Two congregations merge, finding new life

By Lindsay Peyton

On Sunday, March 7, members of Fairbanks UMC in north Houston gathered for their last sermon. This church, however, is not saying goodbye. Instead, members are merging with The Foundry, only about 5 miles away. Together, the congregations are discovering an opportunity for new life.

Rev. Heather Sims was appointed to Fairbanks in July 2019. At the time, the church was in conversations with Chapelwood UMC about a possible merger. “They could see the writing on the wall,” the pastor explained.

The church building was simply too expensive for the congregation to maintain. In addition, the neighborhood surrounding it had changed. “We were completely surrounded by industrial buildings,” Sims said.

Her job, from the get go, was to help the congregation discern the next step. “I was brought on to help the process – do we want to shut down, relocate or merge with another church? But at every turn there was a road block,” she said.

Sims was determined to discover a path that made the most sense, despite the obstacles. “I could see something had to happen,” she said. “And this church wasn’t ready to die. It was not going to close down. My hope was to find a way to stay together.”

Often, Sims explained, struggling churches will stay together even if that means the congregation won’t be able to make it. For some churches, challenges lead to disagreements, and members break up. Or congregants remain until they simply can no longer afford the building and then find themselves without a church home or pastor.

Fairbanks UMC wanted to avoid those fates. Then, Sims realized there was another option. “I did not even realize how close The Foundry was to us,” she said.

The Foundry’s Lead Pastor Ray Hughes is a longtime friend of Sims, as well. She asked his assistant to set up a meeting.

“He immediately called me back,” Sims recalled. “I told him that our church needs to make a move. We need to sell this building.”

She proposed renting space from him and then considering a merger down the road, if things went well. He agreed.

“It was like a breath of fresh air,” Sims said. “We finally had an option that made sense.”

The building at Fairbanks UMC went on the market. Then, COVID-19 delayed movement for a while. Members considered the slowdown resulting from the pandemic as a gift of time, to remain together a bit longer.

The uncertainties arising from COVID-19 only reiterated the need to merge and to best make use of limited funds and resources.

By August, Fairbanks UMC was able to resume worship – and they met in a chapel on campus at The Foundry. Sims had been granted an extra year to serve the congregation through the transition.

The Foundry welcomed Fairbanks UMC with open arms. When Fairbanks worried about losing its stained glass windows when their previous building was torn down, The Foundry measured the windows of their chapel.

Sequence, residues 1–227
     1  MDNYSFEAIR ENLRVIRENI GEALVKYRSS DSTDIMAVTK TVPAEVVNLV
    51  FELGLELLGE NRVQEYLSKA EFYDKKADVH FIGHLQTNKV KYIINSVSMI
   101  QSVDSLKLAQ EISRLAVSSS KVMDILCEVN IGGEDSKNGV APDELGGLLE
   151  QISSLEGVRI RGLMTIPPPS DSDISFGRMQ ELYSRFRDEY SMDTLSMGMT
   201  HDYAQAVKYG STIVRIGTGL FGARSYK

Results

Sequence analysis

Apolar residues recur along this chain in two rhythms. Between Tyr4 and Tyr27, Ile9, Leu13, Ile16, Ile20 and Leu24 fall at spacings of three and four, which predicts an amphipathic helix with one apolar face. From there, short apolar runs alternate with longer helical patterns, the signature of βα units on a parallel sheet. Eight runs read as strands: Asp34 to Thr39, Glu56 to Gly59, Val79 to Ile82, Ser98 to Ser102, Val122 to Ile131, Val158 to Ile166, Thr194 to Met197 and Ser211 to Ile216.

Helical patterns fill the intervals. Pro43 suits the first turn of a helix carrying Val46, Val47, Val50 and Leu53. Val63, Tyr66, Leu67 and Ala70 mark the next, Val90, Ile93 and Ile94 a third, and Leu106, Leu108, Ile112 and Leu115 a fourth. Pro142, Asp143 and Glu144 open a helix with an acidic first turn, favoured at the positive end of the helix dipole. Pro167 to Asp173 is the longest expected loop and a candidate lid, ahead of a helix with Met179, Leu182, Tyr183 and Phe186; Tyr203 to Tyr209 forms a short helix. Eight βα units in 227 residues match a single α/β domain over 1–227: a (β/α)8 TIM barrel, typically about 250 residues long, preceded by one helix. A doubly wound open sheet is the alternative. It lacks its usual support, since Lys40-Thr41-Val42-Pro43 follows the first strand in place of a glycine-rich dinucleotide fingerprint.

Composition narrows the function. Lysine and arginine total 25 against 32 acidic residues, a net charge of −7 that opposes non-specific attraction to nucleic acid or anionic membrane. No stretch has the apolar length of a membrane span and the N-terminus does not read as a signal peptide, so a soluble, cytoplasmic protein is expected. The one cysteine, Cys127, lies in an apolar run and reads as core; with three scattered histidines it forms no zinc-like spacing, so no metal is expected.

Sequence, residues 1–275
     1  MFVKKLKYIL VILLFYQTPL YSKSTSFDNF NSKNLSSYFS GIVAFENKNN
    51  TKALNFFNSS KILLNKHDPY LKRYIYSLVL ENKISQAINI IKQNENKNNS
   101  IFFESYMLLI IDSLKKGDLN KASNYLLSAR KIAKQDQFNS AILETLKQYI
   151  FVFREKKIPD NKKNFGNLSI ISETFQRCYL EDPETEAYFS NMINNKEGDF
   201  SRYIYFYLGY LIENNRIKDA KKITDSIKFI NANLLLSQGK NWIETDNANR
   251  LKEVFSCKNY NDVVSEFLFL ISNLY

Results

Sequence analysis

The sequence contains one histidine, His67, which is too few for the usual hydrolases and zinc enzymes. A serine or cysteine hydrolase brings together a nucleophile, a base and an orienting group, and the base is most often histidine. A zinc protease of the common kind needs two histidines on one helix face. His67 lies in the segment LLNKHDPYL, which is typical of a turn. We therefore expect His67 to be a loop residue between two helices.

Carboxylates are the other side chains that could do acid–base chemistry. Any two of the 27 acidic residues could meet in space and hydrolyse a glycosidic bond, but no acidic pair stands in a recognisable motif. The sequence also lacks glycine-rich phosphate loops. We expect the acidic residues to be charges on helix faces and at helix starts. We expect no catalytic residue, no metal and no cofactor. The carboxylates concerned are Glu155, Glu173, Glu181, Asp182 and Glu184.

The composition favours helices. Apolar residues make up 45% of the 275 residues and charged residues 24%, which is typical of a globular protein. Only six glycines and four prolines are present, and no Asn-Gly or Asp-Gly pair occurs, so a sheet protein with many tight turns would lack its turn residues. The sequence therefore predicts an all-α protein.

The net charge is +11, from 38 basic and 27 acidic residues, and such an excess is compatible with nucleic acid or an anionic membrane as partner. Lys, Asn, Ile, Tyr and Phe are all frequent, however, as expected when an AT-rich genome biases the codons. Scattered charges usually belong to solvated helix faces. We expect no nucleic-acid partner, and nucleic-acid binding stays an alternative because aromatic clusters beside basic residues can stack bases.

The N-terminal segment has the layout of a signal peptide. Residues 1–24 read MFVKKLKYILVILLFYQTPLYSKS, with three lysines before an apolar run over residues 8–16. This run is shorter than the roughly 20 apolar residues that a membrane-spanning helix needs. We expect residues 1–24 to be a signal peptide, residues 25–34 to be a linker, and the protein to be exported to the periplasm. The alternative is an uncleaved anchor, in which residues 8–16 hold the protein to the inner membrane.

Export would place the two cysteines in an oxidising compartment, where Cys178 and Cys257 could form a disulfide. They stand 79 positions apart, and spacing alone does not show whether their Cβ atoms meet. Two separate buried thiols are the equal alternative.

“It fit exactly,” Sims said. “Ever since we’ve been there, our stained glass has been with us.”

Fairbanks UMC also had a church bell dating back more than 100 years. The Foundry was able to incorporate the bell into their redesigned worship space.

The Foundry has been such a favorable partner with the rent agreement in general, Sims said. When the time came, she reminded the congregation that if they remained independent, they might not be able to afford a full-time pastor. Instead, she hoped, they would consider moving forward with a merger.

“Within a week, we had a proposal,” Sims said. “By Feb. 21, we voted, and it passed.”

On March 21, members of both Fairbanks UMC and The Foundry will host a celebration of the merger together.

“The fit is perfect for a number of reasons,” Sims said. “First, we’re in the same community. This church is also very mission-minded, just like our people are. There’s a lot of intersection between our people and their people. Theologically, we line up with The Foundry as well. This is a great place for us to be.”

Being part of The Foundry will give her congregation more opportunities to get involved with church life, she added. For instance, now there are ministries for youth and children that did not exist before.

In addition, Sims said the merger makes the most of limited resources. “Now our people have this sense of new life coming to us,” she said. “They’re not scattering. This is everybody’s church home – and it’s really great.”

There were several periods of grieving on this journey, Sims explained. “They definitely did the hardest thing, but they did the best thing,” she said. “And I’m just so honored that I got to walk with them through the process.”

Pastor Hughes at The Foundry looks forward to seeing the two congregations join. “I truly believe we can be more fruitful together,” he said. “We can do more good for the Kingdom.”

District Superintendent Rev. Dr. Jeff Olive said that he is grateful to the pastors, church leaders and members at both Fairbanks UMC and The Foundry.

“They asked the hard questions: Could we accomplish more together than separately? Would our community be better served? Could the kingdom of God be further extended by this? In the end, the answers were: ‘Yes, yes, yes,’” Olive said. “Fairbanks determined to pass their spiritual and physical legacy to The Foundry through this adoption merger. I am hopeful more congregations will be inspired to think about what is possible when they hear the story of these two churches becoming one.”